On a map the Azores appear as nine tiny specks in the middle of the Atlantic Ocean, but their location was to prove strategically vital in two world wars. The Atlantic became a crucial battleground twice within the space of 25 years, as the US ‘arsenal of democracy’ sent firstly stores, arms, and equipment, followed by many thousands of troops to fight in Europe. In both desperate and closely fought struggles at sea, Germany sought to stem the flow and thereby win the war by cutting this vital lifeline using a new weapon – the ocean-going submarine.
In the First World War, the Azores became a mid-Atlantic refueling location, a base for US and Portuguese naval vessels and – in a hugely innovative contribution to the anti-submarine war – for the patrol seaplanes and flying boats of the US Marine Corps. Portugal was neutral during the Second World War but when Winston Churchill invoked a treaty dating from 1373, permission was given in 1943 for an RAF Coastal Command base to be very rapidly established at Lagens. From there convoys could be protected and U-boats could be harried and sunk, so closing the notorious mid-Atlantic gap. Later, it also became an important staging post for US aircraft, as it had been in the previous conflict.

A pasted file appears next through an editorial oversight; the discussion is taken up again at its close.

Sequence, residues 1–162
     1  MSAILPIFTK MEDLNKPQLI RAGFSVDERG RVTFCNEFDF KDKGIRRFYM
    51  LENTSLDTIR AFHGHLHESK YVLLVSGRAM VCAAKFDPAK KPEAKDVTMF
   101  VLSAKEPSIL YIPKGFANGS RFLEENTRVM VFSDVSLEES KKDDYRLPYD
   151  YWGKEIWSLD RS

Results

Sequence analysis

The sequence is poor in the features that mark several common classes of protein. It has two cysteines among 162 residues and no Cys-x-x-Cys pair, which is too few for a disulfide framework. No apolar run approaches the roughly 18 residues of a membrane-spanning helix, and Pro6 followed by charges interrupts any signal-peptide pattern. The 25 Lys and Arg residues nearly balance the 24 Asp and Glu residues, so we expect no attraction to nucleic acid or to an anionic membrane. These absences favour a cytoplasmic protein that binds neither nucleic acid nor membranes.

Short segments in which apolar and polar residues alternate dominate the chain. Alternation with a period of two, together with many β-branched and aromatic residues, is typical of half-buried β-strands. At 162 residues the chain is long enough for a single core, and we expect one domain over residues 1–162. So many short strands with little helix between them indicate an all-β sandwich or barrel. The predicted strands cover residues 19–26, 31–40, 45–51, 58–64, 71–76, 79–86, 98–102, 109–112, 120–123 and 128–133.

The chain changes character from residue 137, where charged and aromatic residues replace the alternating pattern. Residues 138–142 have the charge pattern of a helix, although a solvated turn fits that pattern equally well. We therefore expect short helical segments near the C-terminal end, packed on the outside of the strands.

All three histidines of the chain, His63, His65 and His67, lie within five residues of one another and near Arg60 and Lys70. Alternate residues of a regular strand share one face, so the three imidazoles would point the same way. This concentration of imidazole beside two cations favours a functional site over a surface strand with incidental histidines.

The significance of the Azores has been overlooked in most military histories, but this extensively researched and copiously illustrated book from historian Guy Warner provides a detailed but balanced appraisal. The author has had access to archives and photographic collections in the UK, USA, Portugal, and the Azores, consulting with local historians to produce a book that sheds much new light on a hitherto under-appreciated facet of twentieth-century history.